If you install these programs on your Mac and later use Migration Assistant to transfer your data to a new Mac, you will likely find that these apps no longer open on the new Mac, crashing on launch instead. What happened? As explained by Apple, “Final Cut Studio (2009) and Logic Studio (2009) install a newer version of the ProKit framework, which the Mac OS X 10.5 Migration Assistant does not migrate.” Oops. Fortunately, the fix is simple: Go to Software Update and install the ProKit update that should appear there.
This is just the latest in a string of similar issues that can and often do result from using Migration Assistant. Almost the exact same problem occurs with Aperture 2. And, as I noted several weeks ago, iLife ’08 and ’09 applications may not launch after a migration because the latest version of the iLife Media Browser does not migrate. The solution here is to install the latest iLife Media Browser update.
Also released this week was Microsoft Office 2008 for Mac Service Pack 2 (12.2.0). As is typical, you install it via the Microsoft AutoUpdate application. While installing the update will not result in any of the Office applications failing to launch, Microsoft confirms that it may prevent the programs from opening certain Office files.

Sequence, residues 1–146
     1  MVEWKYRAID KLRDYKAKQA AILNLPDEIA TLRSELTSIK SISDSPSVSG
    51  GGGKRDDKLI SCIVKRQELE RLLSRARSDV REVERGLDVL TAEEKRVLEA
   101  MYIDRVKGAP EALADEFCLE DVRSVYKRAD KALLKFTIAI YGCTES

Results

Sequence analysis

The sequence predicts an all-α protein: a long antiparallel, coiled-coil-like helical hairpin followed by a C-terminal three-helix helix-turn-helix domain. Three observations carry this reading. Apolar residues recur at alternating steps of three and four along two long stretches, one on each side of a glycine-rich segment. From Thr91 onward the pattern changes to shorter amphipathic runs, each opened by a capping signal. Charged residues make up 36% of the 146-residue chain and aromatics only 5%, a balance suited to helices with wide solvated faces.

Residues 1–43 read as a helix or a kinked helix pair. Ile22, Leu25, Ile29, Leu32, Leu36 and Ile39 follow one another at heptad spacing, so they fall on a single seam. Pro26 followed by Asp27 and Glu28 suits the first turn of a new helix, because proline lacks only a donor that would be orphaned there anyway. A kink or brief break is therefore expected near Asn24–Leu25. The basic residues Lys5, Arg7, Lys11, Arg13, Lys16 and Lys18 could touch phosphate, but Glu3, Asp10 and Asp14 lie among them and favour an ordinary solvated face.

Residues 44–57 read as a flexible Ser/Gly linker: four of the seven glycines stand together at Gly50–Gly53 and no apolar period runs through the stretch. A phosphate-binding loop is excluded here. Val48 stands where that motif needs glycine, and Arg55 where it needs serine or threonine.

The problem primarily occurs with documents saved in the XML format. As this is the default format used by all Office 2008 applications (Word .docx, Excel .xlsx, and PowerPoint .pptx or .ppsx), this is hardly a trivial matter. However, as Microsoft further explains, the symptom occurs only with XML documents that attempt to “abide by an interpretation of the ISO29500 Office Open XML (OOXML) standard” (see this Wikipedia page for more on exactly what this means).
The specific symptom is that, when you try open any of the affected documents, an error message pops up claiming that: “You may have to download the latest updates for Office for Mac.” As you’ve just installed the latest update, something clearly seems amiss. Still, Microsoft advises checking again for a possible update. (Perhaps the company is working on one right now.)
Otherwise, the workaround is to resave the file in a “format other than Open XML. For example, you can save the file in the .xls, .doc, or .ppt file format.” Of course, if you can’t open the file, you can’t resave it, so the advice is a bit of a Catch-22. Potential solutions are to open and resave the file on a machine running a Windows version of Office or use a Mac program that can open Office files (such as using Numbers to open problem Excel documents).